Australia's economy grew above expectations in the second quarter on the back of high consumer and government spending, but analysts expect a slowdown over the coming quarters as the country's mining boom is coming to an end.

The Australian Bureau of Statistics (ABS) said the nation's GDP rose 0.6% in the second quarter, up from a 0.5% growth in the opening three months. Analysts expected a seasonally-adjusted growth rate of 0.5%.

That was the 22<sup>nd consecutive quarterly growth for the country. On a year-on-year basis, GDP rose by 2.6% in the second quarter, compared with forecasts for a 2.5% growth.

Growth for the quarter was driven by a 0.2% contribution from household final consumption and 0.2% contribution from changes in inventories, according to the ABS.

Finance, mining and construction industries were the main contributors to growth in the second quarter. While the finance industry contributed 0.2% to the GDP, other industries contributed 0.1% each.

Slowdown in Mining Sector

Australia's resource rich economy has been witnessing robust growth in recent years on the back of a booming mining sector. The growth rate has, however, slowed down due to waning demand for natural resources such as iron ore especially from high-growth countries such as China.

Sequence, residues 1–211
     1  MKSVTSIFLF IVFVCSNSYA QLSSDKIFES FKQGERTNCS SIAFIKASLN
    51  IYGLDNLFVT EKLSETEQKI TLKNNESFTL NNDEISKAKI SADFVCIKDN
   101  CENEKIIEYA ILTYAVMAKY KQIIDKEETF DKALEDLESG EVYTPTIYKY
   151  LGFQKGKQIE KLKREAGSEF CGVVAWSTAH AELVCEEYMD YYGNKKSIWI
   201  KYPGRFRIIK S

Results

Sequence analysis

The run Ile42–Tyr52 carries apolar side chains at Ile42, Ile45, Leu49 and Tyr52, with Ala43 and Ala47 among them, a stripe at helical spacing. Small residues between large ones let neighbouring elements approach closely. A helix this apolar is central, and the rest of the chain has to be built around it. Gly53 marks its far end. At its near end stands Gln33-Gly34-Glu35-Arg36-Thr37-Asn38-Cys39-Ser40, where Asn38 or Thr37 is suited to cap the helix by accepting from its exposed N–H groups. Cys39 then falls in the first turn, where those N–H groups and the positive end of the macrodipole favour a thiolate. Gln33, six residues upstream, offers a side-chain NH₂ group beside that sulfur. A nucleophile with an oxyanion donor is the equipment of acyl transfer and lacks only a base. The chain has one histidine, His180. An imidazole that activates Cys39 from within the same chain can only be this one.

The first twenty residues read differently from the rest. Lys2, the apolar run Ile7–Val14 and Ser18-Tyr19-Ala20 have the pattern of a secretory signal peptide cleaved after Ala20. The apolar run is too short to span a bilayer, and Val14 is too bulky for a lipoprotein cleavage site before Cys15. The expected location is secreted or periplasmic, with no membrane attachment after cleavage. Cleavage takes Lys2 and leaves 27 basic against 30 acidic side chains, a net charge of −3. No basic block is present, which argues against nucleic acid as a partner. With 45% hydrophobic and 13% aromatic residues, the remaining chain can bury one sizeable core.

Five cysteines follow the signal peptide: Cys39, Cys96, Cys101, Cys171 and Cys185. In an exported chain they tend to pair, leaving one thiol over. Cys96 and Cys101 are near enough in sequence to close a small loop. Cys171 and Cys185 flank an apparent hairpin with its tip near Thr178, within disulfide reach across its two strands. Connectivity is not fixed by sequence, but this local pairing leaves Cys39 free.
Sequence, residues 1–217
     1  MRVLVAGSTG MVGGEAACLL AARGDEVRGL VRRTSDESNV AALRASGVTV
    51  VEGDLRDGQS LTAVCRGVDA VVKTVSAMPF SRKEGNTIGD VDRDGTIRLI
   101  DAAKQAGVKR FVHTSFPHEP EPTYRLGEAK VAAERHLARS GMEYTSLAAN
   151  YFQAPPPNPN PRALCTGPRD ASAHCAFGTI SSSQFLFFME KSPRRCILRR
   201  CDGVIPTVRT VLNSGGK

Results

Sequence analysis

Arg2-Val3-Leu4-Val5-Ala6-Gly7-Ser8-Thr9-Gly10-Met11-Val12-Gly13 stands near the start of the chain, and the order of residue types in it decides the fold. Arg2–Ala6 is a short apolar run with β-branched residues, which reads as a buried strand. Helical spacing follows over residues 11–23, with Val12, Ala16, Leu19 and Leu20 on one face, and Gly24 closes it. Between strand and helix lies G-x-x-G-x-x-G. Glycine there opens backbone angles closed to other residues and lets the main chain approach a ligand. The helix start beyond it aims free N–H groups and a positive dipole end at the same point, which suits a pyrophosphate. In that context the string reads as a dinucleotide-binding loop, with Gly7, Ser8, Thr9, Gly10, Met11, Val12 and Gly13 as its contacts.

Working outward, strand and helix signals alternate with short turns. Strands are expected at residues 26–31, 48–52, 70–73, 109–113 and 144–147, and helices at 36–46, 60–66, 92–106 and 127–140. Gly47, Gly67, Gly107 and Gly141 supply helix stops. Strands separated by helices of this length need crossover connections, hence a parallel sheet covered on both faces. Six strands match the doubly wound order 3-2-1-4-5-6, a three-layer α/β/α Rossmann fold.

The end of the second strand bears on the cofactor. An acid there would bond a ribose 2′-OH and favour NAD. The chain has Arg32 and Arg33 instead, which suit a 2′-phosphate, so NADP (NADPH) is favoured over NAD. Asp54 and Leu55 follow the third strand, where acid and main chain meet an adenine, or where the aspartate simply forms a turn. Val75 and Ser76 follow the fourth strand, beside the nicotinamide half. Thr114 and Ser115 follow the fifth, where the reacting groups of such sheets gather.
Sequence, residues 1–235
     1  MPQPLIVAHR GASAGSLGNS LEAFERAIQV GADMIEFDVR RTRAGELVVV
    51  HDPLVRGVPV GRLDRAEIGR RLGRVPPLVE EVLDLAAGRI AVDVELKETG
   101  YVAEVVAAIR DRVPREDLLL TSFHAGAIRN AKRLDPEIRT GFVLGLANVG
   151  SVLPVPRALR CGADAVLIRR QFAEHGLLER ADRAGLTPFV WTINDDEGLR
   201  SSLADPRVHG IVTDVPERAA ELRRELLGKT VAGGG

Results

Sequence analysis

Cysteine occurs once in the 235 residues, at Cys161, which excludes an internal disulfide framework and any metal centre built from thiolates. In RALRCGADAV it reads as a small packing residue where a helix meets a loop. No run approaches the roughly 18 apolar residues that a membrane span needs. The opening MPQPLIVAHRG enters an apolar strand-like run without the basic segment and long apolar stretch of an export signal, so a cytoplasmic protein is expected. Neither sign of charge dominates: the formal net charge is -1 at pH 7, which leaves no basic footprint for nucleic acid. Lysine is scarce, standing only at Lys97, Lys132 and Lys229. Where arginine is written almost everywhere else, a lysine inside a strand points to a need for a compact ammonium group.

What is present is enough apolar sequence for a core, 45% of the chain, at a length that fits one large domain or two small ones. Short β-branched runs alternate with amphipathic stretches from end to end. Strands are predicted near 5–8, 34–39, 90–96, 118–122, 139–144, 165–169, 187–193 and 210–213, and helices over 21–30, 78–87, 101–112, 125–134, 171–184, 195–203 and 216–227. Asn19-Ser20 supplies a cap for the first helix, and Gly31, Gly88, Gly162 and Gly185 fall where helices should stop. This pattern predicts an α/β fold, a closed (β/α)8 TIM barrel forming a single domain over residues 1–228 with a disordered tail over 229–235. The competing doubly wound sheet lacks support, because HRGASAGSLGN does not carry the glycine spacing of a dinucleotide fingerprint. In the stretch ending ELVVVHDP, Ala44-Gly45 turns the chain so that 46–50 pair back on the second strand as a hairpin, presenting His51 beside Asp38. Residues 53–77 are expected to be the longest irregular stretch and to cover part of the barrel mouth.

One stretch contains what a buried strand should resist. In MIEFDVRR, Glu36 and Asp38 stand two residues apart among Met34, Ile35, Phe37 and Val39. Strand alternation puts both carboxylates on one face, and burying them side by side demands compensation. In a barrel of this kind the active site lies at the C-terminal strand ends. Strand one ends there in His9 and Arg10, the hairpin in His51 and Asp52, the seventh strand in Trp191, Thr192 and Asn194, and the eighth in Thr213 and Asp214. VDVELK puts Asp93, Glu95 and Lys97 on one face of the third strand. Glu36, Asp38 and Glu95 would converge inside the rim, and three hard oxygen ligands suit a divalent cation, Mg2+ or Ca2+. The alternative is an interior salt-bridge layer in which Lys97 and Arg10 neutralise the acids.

Growth in other sectors could not compensate for the lag in mining.

Australian miners have considerably lowered their expectations of future demand amid a slowdown in China, which is their main export market. The lower demand from China negatively affected commodity prices as well.

The International Monetary Fund (IMF) and many analysts had expected China to grow at rates of about 9.5% at least until 2016. However, China's growth declined significantly in the recent quarters, and the IMF is currently projecting a growth rate of 7.5% to 8% for the current fiscal year.

In addition, China is seemingly shifting from its commodity-led growth model.

Australia's opposition Liberal-Nation coalition leader, Tony Abbott, blamed the Labour government for killing the mining boom with the introduction of a tax on the mining sector.

Given the adverse situation, economists are predicting a further growth slowdown in Australia.

"We expect growth to slow further over the coming quarters as the economy struggles to cope with cooling mining investment," said Daniel Martin, Asia economist at Capital Economics.

"In our view, changes to tax policy will not be able to prevent mining investment from soon becoming a drag on growth."